THE INNER LOOP
How To Select A Vendor
Below are some key items to look for:
1. Are they a turnkey provider or do they outsource or use partners?
2. Do they provide custom solutions or do you choose from a various list of offerings?
3. How long have they been in business and do they bring their own team and staff or do they use local help?
4. Do they provide all costs up front or are there “hidden costs” or “to be determined costs”?
5. Do they provide references? (See examples of their work)
Yoga Pants Posing as Business Wear?!
Athleisure is trying to pose as the black pant workhorse. Most young professional office workers come to expect 3 things from their workwear: comfort, convenience, and a professional look. However, your standard yoga pants (from high end Lululemons to Walmart specials) still aren’t office-appropriate.
Companies that sell athleisure are trying to change that. These companies want their pants to stretch into daily life. The gym and yoga studio isn’t enough for them any longer. They want their goods worn all day, every day, just like the casual, basic button-ups, tees, and slacks are.
Although yoga pants may be a welcome escape from the restrictiveness of a shift dress and the stuffy suit they still aren’t entirely office-appropriate. Athletic clothes, long ago, crossed over to streetwear and can even be acceptable for going out at night. Activewear sales increased 15% in 2016, thanks in part to companies like Lululemon, Athletica Inc., Nike Inc., and others who sell workout clothes trendy enough to wear outside the gym.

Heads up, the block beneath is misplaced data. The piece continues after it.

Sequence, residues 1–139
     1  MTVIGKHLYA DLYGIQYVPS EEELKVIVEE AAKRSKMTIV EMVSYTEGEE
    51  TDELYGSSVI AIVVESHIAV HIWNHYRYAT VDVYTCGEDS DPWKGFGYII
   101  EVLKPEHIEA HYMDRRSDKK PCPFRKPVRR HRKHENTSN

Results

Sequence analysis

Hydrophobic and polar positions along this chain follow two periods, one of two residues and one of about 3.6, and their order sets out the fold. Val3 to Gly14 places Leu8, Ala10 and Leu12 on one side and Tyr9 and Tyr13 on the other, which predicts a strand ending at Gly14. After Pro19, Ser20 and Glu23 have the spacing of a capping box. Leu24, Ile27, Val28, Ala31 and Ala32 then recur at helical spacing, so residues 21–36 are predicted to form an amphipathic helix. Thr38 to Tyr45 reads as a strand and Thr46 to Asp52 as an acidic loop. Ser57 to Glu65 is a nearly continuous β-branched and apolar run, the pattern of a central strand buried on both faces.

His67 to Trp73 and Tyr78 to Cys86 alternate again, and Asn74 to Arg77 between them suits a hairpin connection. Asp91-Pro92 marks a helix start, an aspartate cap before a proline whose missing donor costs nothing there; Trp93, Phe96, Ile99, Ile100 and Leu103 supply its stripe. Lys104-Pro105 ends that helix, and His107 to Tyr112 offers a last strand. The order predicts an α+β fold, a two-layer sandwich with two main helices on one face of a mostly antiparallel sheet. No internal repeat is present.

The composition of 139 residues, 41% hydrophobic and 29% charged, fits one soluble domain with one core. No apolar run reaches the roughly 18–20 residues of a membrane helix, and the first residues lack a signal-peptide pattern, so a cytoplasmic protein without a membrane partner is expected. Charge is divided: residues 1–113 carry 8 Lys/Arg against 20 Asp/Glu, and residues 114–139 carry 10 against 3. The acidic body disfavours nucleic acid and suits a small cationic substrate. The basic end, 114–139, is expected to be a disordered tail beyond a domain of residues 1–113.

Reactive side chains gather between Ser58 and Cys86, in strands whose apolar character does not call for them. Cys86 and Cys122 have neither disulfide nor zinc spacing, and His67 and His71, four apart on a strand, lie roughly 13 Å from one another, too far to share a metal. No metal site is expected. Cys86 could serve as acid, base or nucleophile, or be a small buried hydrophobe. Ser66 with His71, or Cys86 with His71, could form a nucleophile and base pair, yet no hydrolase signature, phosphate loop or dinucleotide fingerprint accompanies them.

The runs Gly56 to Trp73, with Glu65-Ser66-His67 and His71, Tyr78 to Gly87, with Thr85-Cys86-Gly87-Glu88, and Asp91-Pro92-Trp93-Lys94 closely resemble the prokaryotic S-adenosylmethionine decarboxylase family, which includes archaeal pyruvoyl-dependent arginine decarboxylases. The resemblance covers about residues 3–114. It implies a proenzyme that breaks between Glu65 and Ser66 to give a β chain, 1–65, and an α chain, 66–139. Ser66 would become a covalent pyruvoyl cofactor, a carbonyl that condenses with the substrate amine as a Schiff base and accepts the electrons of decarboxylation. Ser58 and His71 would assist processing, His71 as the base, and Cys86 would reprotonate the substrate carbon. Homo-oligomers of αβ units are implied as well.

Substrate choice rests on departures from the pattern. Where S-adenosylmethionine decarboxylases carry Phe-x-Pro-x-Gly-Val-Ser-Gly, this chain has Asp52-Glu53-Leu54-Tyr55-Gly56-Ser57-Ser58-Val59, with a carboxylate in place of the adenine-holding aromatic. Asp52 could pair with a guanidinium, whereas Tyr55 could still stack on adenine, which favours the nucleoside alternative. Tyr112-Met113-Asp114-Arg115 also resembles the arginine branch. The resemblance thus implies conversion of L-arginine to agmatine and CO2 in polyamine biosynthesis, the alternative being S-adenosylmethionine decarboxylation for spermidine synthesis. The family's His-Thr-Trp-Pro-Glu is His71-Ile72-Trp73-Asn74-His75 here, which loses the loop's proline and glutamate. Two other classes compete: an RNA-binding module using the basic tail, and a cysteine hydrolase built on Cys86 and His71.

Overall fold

Think about it: how convenient would it be to go from an intense cycling session to the grocery store and to meet with friends without having to change out of your soft comfy leggings. A previous shift in workplace fashion spearheaded by a brand was in the ’90s. Dockers’s khakis became a business casual uniform staple (for men) because of a marketing campaign by their parent company Levi Strauss & Co. At the time “Everybody was trying to explain what business casual was,” said Edward Yost, a human relations business partner at Society of Human Resource Management. As professional offices started relaxing dress codes, Levi’s created “A Guide to Casual Businesswear,” a pamphlet that was sent to 25,000 HR managers that showed a variety of business casual looks that all happened to feature Dockers. The retailer also held seminars, put on fashion shows, and maintained a toll-free number for those who had questions about business casual. (Bloomberg.com/news).
Even though many people are embracing yoga pants as today’s almost-anywhere pants, not all employers are. According to SHRM only 36% of companies allow people to go casual more than one day a week. Shoppers are already opting for all-day items that make sense for in the office and out. For example Ponte pants, (which are sturdy yet stretchy and have an elastic waist) is becoming a workplace staple. Owners of Ann Taylor Inc.’s Ponte Pant, describe them as “perfect for day, play, work, and night.” Some clothiers have seen this casual future and are leading the change into your office.
At Carbon38, an online athletic-wear shop that sells high-end labels believes the workplace is being won with style tips. The company has a guide called “Athleisure at the office.” In it, Carbon38 employees pose for photo shoots in their typical work wear. Even Lululemon, guru of the yoga mat, is lunging into the workday world.
What most employees everywhere want are clothes that aren’t going to wrinkle; are machine washable, comfortable and polished looking. Our casual dress expectations are already intertwining into our work lives. “We are so used to clothes that stretch, we’re used to wearing sneakers, and a lot of these elements are being integrated into the daily wardrobe,” said Roseanne Morrison, fashion director at trend forecaster Doneger Group.